Raising rates on these successful businesses would damage the economy at any time, but doing so now when the unemployment rate is starkly elevated and the recovery just underway is stunningly foolish.
Instead, at the very least President Obama and Congress should drop their plans to increase top tax rates on small businesses and make permanent the current-law tax rates for all taxpayers. This would eliminate yet another threat facing small businesses seeking to survive in some cases, in others to expand and add new jobs. This would be the best stimulus for the economy to date.
Lower Taxes on Capital Would Help Small Businesses
In addition to higher income tax rates, Congress is threatening to raise taxes on productive capital for small businesses. Capital is any resource that individuals or businesses use to create a good or provide a service. Like anything else, when the income accruing to capital is taxed, its user price rises and less of it is purchased. That means small businesses have less productive capability, grow slower, and pay lower wages. As such, taxes on capital should be minimal or nonexistent.
The current tax code taxes capital heavily. It taxes capital through the capital gains tax and taxes on dividends, both at 15 percent, and through taxes on business income and the corporate income tax—especially because businesses cannot deduct the full cost of the capital they buy, but must depreciate it over several years at a lower real value.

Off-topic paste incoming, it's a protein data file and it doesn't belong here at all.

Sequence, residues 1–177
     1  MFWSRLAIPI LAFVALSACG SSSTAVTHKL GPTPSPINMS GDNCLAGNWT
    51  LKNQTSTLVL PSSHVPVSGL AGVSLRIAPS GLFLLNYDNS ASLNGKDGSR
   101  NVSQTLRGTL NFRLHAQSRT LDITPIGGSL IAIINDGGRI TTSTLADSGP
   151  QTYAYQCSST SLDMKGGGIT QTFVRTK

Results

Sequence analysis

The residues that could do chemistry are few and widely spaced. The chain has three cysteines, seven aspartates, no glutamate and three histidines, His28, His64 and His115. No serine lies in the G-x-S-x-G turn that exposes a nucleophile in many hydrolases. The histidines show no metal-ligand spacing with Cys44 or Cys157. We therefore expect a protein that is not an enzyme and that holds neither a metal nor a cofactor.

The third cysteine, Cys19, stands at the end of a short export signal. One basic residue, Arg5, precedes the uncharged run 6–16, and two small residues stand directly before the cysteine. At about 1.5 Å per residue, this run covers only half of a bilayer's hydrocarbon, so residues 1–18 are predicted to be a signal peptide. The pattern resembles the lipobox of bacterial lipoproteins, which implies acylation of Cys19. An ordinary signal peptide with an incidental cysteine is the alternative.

Under current law, the tax rate on capital gains will increase to 20 percent and that on dividends will increase to up to 39.6 percent on January 1, 2011. Congress should at the very least hold these rates at 15 percent. To lower the cost of capital for small businesses further, Congress should consider lowering the rate on capital gains and dividends below 15 percent and make permanent President Obama’s plan to provide immediate small business expensing of all capital purchases.
Targeted Tax Cuts No Substitute for Low Rates
Many in Congress would prefer to offer targeted tax credits to specific small businesses instead of keeping income tax rates and taxes on capital low for all small businesses. But targeted tax cuts are no substitute. Targeted tax credits for small businesses that produce or sell certain items do not stimulate the economy or assist small businesses in general. They are corporate welfare for certain businesses that produce and sell goods that Congress deems beneficial.
When Congress provides tax breaks for only certain businesses it is picking economic winners and losers instead of allowing the marketplace—the traditional and wiser decision maker in such matters—to decide. It does so because the targeted tax credits give their recipients an advantage in the market compared to the businesses not fortunate enough to receive the tax break. The businesses that get the credit can keep their prices lower than they otherwise would without the credit.
Furthermore, in the current budgetary environment, since targeted tax cuts would be financed by adding to the deficit instead of reducing spending, the increased borrowing would take available funds away from other businesses. These other businesses could have used the funds to expand operations and add new jobs, but Congress will divert the resources to the businesses it prefers.